TLD to Phase Out Mechanical Drivelines by 2024

Oct. 20, 2022
TLD is introducing its Alternative Power Source solution to customers and announcing its objective to stop mechanical drivelines by the end of 2024.

Officials at TLD identified three main challenges currently facing the ground support industry – the need for sustainability; growing and developing the skills and competencies of the workforce with new technologies; and a constant cost challenge in a competitive world.

To simultaneously address these challenges, TLD is introducing its Alternative Power Source solution to customers and announcing its objective to stop mechanical drivelines by the end of 2024.

According to Valentin Schmitt, CEO of TLD Group, the major hurdle on electrification today, which is shared by the company’s entire customer base, is the gap with infrastructure. This includes the position of and type of chargers, as well as the number of chargers or charging slots

“The differentiation of our Alternative Power Source strategy is to propose our customers standardize around electric GSE, but with various types of power sources – batteries, hybrid systems with on-board generators, hydrogen fuel cells, or on-board chargers compatible with 400 Hz,” Schmitt says, adding with different, interchangeable building blocks individual customers can define the electric GSE that will fit with current infrastructure and continue to evolve as the infrastructure grows.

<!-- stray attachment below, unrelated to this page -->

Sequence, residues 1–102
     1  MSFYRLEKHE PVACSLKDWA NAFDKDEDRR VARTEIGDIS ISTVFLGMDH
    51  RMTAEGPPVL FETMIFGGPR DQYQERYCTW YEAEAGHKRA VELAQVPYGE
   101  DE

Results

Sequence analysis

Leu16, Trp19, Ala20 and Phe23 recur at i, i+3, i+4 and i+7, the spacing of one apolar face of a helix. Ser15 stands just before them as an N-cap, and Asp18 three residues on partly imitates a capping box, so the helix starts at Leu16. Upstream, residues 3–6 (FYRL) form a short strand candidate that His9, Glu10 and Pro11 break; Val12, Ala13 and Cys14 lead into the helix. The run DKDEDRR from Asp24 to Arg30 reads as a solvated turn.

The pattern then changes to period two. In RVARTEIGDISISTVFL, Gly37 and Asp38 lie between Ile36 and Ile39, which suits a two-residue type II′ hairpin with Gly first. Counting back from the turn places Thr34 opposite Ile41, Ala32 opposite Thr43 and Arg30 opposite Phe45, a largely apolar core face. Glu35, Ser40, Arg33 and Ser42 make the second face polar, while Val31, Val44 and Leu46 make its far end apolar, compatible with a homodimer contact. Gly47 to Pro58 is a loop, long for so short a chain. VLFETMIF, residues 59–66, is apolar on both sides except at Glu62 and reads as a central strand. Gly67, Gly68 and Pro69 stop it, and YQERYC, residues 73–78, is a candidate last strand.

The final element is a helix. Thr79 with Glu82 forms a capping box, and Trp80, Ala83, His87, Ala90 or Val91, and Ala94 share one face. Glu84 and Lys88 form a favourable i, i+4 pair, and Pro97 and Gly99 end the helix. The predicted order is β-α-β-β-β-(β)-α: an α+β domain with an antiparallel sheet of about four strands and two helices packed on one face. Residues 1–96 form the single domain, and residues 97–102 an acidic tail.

Moving forward, Schmitt says all mobile GSE from TLD will come with a “future ready” electric driveline. The Alternative Power Sources of these drivelines include fully electric options with TLD’s iBS lithium-ion batteries; hybrid versions with its iHS or ipHS hybrid packs; and hydrogen.

“This is a major push towards sustainable aviation, with a set of technical solutions allowing to decouple the electrification of the GSE, expected by all players, from the infrastructure, which might take longer to adapt and will propose different alternatives depending on the regions,” Schmitt says.

By decoupling the electrification of the GSE from the infrastructure, TLD officials say ground handlers can embark on sustainability goals immediately and use the natural renewal of a fleet to grow the electrification ratio.

This will allow customers to avoid facing a “CapEx wall” in 5 or 10 years with a large part of the fleet to be renewed in a short period, Schmitt says.

“The standardization of the solution around a few components that will be available for all GSE – TLD and non-TLD, by the way – will simplify the maintenance training and improve the adaptation of the teams’ skills to those evolving technologies,” he says.

A key challenge for TLD was developing a one-size-fits-all solution, with a battery or hybrid pack  being common for almost all GSE.

“This is not only bringing simpler maintenance, a lower inventory for parts, or simpler training. It is allowing (customers) to swap those systems from one application to another, aging the batteries over several lives in those different applications. This will drive the TCO even lower,” Schmitt says.

Electric and hybrid solutions are now available on more product lines and should be available on almost everything by the end of 2022, according to Schmitt.

“We believe that every customer today has, at a different level, a sustainability agenda. And for those who don’t, I am sure they are actively working on it to avoid losing ground against the competition,” he says. “There is a lot to learn, but this is also lowering the cost base and creating competitiveness for the future.”